Prerequisite: C or better in CS 211 or CS 222.
Late Work: Late projects will be penalized 10% per day (incl. weekend days/holidays). You should recognize that this can cause major penalties for incomplete programs, so start work early! If your program isn't the way you'd like it to be when the deadline is near, submit it anyway for partial credit. In fact, submit early and often! The system permits you to retrieve and resubmit your assignment until the due date, so you may resubmit if you improve your program prior to the deadline. (Resubmissions after the deadline require approval of your TA, since s/he may already have graded your project. If you know that you wish to resubmit a new version after the deadline, it is your responsibility to notify your TA no later than the time of the deadline, so s/he will not grade the on-time submission.) No resubmissions may be made after a project has been graded.Class Communications: CS 262 will be using the Blackboard system for most class communications. You are responsible for any notifications or information posted on Blackboard either by your instructor, your GTA or the class UTA(s), and you will need to check Blackboard regularly for such notices. Some information may be disseminated through Blackboard rather than in class. Individual communications with the professor/GTA/UTA may be done by email using your GMU email account. When you email, please be sure to include your name, the class number and the topic in the subject header. (E.g.: Subject: Jim Jones / CS 262 / Project 2)
(1) No sharing or discussion of code. Unless specifically stated otherwise, all assignments are individual projects, not group projects. Students are expected to do their own work, not to share programs with each other, nor copy programs from anyone else. This means you may not discuss program design or strategize solutions with anyone except your instructor or a course UTA or GTA. However, you may offer more limited assistance to your fellow students regarding specific questions on their programming assignments by responding to queries on Blackboard. Any sharing of code or discussion of programming projects, except within the parameters of Blackboard, constitutes an honor code violation. Suspected honor code violations are taken very seriously, and will be reported to the Honor Committee. Read the GMU Honor Code and CS Department Honor Code. You are bound by these codes.
(2) No incorporation of code from any source external to the course. You may not incorporate code written by others, such as can be found on the Internet or any of the numerous CS books available. You may freely use any code provided as part of the project specifications, without any need for crediting the source. However, if you use code provided by your instructor (other than that given as part of the project specifications) or from the course textbook, you must document what portion came from those sources.
(3) Blackboard. We encourage the use of Blackboard to discuss assignments and assist one another with programming questions. You may ask questions or respond to queries on Blackboard regarding projects or other assignments, so long as you do not post any C code or detailed pseudocode, and so long as you do not provide specific solutions to the overall problem or algorithm design (even in English). Often, students believe that "simple" code is acceptable to place on Blackboard. However, because there is a wide variation in what different students and instructors regard as "simple," we must be very strict about the ban against Blackboard code. Only an instructor, GTA or UTA is permitted to place code on blackboard unless it is code that has already been provided to all students (either as part of the assignment specification itself or within the class textbook).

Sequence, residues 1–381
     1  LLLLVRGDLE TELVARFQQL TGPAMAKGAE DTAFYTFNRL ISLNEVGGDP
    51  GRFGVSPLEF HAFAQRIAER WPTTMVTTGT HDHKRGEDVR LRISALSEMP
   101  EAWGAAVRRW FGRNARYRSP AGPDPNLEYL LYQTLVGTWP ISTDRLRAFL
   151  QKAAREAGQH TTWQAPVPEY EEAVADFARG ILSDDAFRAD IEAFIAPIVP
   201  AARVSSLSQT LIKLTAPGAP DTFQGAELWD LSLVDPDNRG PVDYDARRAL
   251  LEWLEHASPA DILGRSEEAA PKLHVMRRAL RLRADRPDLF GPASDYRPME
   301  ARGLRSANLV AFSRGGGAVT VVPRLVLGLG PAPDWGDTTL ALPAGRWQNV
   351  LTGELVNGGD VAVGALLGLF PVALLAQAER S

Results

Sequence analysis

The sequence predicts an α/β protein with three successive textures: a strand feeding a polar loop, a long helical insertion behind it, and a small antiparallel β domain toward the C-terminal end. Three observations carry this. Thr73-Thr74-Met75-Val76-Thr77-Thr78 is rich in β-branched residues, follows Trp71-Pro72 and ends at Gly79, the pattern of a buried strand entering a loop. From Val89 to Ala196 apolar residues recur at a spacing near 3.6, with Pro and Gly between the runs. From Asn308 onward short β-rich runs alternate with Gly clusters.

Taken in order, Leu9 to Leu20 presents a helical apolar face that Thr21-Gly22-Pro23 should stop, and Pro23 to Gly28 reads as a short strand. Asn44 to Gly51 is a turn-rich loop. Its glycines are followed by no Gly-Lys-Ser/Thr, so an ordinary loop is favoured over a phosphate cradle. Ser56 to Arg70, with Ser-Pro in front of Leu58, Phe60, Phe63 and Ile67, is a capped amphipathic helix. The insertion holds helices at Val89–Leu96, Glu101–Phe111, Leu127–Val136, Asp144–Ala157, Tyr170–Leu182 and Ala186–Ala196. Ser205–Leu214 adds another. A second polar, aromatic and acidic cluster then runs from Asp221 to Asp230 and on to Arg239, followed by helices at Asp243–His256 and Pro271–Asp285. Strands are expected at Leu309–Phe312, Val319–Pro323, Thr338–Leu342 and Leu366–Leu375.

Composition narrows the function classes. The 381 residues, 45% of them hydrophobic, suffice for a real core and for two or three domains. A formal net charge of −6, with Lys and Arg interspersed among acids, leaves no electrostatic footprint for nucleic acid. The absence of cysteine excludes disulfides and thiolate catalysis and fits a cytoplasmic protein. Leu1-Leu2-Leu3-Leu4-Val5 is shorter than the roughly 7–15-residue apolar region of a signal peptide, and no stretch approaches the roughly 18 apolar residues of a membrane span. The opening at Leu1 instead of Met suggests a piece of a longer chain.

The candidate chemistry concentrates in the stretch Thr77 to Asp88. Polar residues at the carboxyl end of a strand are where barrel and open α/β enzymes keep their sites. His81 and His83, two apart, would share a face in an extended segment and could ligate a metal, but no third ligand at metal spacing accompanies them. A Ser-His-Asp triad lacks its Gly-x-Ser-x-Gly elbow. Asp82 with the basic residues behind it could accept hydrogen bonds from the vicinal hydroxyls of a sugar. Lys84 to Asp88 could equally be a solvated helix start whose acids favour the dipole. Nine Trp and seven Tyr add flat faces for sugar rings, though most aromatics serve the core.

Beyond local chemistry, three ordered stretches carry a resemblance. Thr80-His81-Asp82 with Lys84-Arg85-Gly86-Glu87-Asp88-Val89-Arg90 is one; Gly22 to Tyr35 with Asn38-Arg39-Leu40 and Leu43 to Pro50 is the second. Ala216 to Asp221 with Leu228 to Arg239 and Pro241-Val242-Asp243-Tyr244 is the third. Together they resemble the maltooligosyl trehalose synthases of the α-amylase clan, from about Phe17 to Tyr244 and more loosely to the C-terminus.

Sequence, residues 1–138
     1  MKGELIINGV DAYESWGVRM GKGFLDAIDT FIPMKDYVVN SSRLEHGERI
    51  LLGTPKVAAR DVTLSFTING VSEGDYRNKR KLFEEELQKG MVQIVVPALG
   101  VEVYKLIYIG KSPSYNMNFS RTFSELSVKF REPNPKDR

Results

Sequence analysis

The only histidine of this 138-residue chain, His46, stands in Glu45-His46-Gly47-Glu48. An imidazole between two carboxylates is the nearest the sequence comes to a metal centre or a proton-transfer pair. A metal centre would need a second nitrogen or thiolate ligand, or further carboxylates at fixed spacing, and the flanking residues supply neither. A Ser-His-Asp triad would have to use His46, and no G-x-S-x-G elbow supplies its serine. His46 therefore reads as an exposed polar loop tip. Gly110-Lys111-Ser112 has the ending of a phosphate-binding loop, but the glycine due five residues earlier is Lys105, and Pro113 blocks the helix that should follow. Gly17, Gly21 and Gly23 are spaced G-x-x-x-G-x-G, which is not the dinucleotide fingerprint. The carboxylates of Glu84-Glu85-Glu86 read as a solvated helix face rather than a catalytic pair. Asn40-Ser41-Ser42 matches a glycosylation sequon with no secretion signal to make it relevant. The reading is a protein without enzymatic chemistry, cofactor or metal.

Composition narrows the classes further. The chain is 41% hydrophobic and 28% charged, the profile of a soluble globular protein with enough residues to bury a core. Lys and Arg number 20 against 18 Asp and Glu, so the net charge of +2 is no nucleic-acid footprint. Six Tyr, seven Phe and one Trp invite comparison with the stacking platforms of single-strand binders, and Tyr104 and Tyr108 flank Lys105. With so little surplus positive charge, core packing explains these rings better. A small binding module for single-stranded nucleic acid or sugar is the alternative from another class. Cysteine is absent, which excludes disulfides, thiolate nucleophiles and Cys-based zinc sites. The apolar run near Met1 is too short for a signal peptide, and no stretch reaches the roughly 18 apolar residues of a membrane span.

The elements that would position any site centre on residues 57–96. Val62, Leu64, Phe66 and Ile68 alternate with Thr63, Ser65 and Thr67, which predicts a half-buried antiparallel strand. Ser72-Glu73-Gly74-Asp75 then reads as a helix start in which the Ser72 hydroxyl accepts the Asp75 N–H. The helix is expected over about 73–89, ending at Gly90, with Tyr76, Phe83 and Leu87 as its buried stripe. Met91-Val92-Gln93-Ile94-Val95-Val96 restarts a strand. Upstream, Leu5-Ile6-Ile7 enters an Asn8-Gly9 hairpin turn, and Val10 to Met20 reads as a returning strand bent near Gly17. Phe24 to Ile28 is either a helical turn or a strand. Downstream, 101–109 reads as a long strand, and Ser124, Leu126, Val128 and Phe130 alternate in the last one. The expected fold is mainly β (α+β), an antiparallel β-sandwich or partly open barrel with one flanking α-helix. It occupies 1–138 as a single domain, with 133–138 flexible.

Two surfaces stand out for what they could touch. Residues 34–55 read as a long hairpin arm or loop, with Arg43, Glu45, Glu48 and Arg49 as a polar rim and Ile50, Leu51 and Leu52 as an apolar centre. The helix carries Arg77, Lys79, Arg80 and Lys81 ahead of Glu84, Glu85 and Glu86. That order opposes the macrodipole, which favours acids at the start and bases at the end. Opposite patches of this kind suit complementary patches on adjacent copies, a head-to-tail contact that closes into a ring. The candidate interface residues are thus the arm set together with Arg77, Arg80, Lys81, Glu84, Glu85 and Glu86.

(4) Discussing Blackboard postings outside of Blackboard. Please note that Blackboard assistance must remain on Blackboard. "Summarizing" Blackboard statements or responses to another student verbally regarding an assignment is *not* acceptable, and is subject to the above ban on discussing assignment solutions. While it may seem harmless, Blackboard was set up so that all assistance could be overseen by instructors/TAs/UTAs, and it is nearly impossible to truly duplicate Blackboard discussion outside of Blackboard, thus creating the potential for either (unknowing) mistaken advice, or for unfair advantage by certain students. If you truly wish to assist a fellow student, encourage him or her to log onto Blackboard, and direct him/her to specific postings you find helpful.
(5) Back up your program regularly. You are expected to back up your program in separate files as you get different pieces working. Failure to do this may result in your getting a much lower grade on a program if last minute problems occur. (Accidently deleting your program, having problems connecting, etc., will not be accepted as excuses.)
(6) Keep an untouched copy of your final code submission. It is important that you not touch your programs once you have made your final submission. If there are any submission problems, consideration for credit will only be given if it can be verified that the programs were not changed after being submitted.
(7) Code must run on either Zeus or Mason gcc. Students may develop
programs using any computer system they have available. Please note, however,
that submitted projects must run under a C compiler available either on
Zeus or Mason. Your documentation should clearly state which software was
used for compilation, and once makefiles are introduced, a makefile should
be included with each assignment submission. No extensions will be
given due to compiler incompatibilities.